Aside from making certain that every decision on employee benefits and employee growth is thoroughly scrutinized, Sunega noted it’s also important that employees are supported by giving them ample time to rest, recharge and refocus―especially in the middle of a pandemic.
“When the COVID-19 pandemic hit, it became a policy to give employees an extra paid day off that is not taken away from their leave credits,” Sunega said, “This was something the Sun Life Global team was planning even before lockdown happened.” It was not intended to be a publicity stunt, it was a decision that came purely out of a desire to help.
Yet Sunega also added that employee benefits must go beyond the employees themselves. Whenever a company offers a benefit, it goes a long way if their immediate family is also included. “Think about it, when someone is considering switching workplaces, who do they ask? Their spouse. Who does a fresh grad go to when considering a job offer? The parents.”
This is precisely the reason why Sun Life ASCP’s Employee Assistance Program includes a hotline where employees and their families can ask for professional assistance on almost anything―whether it’s legal advice over a land dispute or tips for maintaining one’s mental health. More than just for the Sun Life ASCP employee, this hotline is also accessible to an employee’s spouse.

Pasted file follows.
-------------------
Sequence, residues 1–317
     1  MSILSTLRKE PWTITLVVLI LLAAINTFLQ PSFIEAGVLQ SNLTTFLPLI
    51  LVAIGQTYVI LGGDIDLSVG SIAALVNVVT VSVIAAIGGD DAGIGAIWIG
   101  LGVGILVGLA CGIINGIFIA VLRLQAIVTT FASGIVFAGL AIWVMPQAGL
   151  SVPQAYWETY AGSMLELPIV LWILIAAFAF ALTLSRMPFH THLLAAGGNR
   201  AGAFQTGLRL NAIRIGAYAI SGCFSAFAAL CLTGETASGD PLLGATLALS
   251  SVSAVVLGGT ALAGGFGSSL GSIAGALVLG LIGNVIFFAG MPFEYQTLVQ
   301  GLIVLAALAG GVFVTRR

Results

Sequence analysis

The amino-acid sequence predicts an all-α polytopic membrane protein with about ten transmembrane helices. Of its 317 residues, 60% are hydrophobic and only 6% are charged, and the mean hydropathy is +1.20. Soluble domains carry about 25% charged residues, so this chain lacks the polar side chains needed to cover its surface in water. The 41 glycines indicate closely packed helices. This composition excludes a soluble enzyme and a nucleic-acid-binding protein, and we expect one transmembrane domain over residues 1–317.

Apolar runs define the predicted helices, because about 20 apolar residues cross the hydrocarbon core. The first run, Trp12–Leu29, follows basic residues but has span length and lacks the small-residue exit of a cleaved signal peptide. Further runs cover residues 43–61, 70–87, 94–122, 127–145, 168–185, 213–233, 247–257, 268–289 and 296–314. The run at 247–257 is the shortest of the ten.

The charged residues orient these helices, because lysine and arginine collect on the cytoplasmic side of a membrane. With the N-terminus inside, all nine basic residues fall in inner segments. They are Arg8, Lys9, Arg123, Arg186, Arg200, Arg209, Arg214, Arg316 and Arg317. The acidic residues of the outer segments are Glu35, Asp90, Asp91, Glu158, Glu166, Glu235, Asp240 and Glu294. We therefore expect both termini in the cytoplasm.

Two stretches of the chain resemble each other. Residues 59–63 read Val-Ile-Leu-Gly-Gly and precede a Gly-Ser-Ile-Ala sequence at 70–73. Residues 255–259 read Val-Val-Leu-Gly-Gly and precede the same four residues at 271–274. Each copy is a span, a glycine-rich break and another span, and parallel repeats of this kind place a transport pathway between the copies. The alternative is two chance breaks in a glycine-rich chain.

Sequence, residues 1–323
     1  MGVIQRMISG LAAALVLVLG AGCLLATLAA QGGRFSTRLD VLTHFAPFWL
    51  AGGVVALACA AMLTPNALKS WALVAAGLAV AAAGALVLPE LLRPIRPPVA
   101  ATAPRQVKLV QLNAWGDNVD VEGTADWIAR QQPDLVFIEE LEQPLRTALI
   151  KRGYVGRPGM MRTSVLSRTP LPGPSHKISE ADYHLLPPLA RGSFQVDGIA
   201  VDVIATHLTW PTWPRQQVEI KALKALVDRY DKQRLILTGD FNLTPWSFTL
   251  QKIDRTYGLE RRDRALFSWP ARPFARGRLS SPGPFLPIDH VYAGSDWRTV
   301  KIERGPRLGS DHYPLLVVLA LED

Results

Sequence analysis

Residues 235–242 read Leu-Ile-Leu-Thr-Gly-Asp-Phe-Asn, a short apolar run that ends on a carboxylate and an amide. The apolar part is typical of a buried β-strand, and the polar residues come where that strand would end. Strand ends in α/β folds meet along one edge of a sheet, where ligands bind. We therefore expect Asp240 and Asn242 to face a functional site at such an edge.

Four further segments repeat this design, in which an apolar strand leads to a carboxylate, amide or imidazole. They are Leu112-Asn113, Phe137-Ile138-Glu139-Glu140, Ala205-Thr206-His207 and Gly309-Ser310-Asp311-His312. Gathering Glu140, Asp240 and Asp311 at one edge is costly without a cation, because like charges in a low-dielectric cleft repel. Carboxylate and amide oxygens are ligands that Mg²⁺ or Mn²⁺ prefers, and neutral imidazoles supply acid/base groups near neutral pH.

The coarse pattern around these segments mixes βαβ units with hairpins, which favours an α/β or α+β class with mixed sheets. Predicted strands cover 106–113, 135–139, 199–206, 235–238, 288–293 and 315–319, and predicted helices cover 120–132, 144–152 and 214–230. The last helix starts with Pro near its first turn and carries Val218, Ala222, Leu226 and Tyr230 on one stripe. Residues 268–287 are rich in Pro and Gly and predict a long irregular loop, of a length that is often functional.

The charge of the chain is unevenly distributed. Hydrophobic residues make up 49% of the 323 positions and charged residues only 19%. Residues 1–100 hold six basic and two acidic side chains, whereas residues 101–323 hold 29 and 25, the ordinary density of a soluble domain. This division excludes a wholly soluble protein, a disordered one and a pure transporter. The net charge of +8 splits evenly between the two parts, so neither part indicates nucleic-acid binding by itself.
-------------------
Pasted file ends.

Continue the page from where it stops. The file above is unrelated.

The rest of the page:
“This proved especially useful during the lockdown, where you have couples who’ve never spent that much time together before now together 24/7; where you’ve got kids who are doing their online schooling,” Sunega said, “So the spouses of our employees could actually call our employee hotline and immediately get expert relationship counseling or parenting tips for that matter. How many other companies have you seen do something like this?”
Even company events and holidays are specifically designed to be celebrated with the whole family. When they host Halloween trick-or-treats, for example, they don’t limit employees to just bringing one child.
Finally, Sun Life ASCP has also set up an award program called SIKAT Award. It recognizes employee’s children and their achievements in school. Whether it’s academic, sports, or art, the SIKAT Award gives recognition to the hard work of these children and sets aside time to build their confidence. It’s something that their parents especially appreciate.
According to Sunega, going out of their way to communicate that an employee’s family is also important keeps Sun Life authentic. They are, after all, working for an organization that promises to take care of their clients and their families. “If we can’t practice that philosophy internally,” Sunega said, “Then we are in the wrong business. Our HR policy has played an integral role in Sun Life ASCP’s success. Perhaps people flock to us because they see how well we treat our employees, and extend it to their families.”
“It is in these little things that we make a difference. We invest in our employees and make them feel they truly matter. They, like our clients will always be at the center of what we do best!”
To get more insights from other HR leaders like May Sunega, please check out the full book, available for purchase here.
The 50 - and other business books about the Philippines and Asia Pacific - will soon be streaming on Audiophile, our platform for exclusive Filipino audiobooks.